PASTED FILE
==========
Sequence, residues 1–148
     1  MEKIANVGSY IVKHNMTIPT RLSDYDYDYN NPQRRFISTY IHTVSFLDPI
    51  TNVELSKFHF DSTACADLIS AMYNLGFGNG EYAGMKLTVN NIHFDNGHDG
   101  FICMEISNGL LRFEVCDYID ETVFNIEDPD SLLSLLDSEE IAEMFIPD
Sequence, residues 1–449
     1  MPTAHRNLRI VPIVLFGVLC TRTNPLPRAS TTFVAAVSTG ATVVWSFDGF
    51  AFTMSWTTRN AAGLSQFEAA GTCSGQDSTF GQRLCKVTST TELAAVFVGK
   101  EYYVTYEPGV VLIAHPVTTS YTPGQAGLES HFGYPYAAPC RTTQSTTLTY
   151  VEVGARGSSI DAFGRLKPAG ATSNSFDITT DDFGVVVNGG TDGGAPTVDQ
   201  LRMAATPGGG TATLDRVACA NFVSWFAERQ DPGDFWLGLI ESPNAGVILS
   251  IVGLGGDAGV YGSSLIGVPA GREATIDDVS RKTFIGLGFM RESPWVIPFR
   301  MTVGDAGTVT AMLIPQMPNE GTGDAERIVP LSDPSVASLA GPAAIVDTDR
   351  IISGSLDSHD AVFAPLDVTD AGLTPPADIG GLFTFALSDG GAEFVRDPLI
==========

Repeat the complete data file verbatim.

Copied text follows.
Sequence, residues 1–148
     1  MEKIANVGSY IVKHNMTIPT RLSDYDYDYN NPQRRFISTY IHTVSFLDPI
    51  TNVELSKFHF DSTACADLIS AMYNLGFGNG EYAGMKLTVN NIHFDNGHDG
   101  FICMEISNGL LRFEVCDYID ETVFNIEDPD SLLSLLDSEE IAEMFIPD
Sequence, residues 1–449
     1  MPTAHRNLRI VPIVLFGVLC TRTNPLPRAS TTFVAAVSTG ATVVWSFDGF
    51  AFTMSWTTRN AAGLSQFEAA GTCSGQDSTF GQRLCKVTST TELAAVFVGK
   101  EYYVTYEPGV VLIAHPVTTS YTPGQAGLES HFGYPYAAPC RTTQSTTLTY
   151  VEVGARGSSI DAFGRLKPAG ATSNSFDITT DDFGVVVNGG TDGGAPTVDQ
   201  LRMAATPGGG TATLDRVACA NFVSWFAERQ DPGDFWLGLI ESPNAGVILS
   251  IVGLGGDAGV YGSSLIGVPA GREATIDDVS RKTFIGLGFM RESPWVIPFR
   301  MTVGDAGTVT AMLIPQMPNE GTGDAERIVP LSDPSVASLA GPAAIVDTDR
   351  IISGSLDSHD AVFAPLDVTD AGLTPPADIG GLFTFALSDG GAEFVRDPLI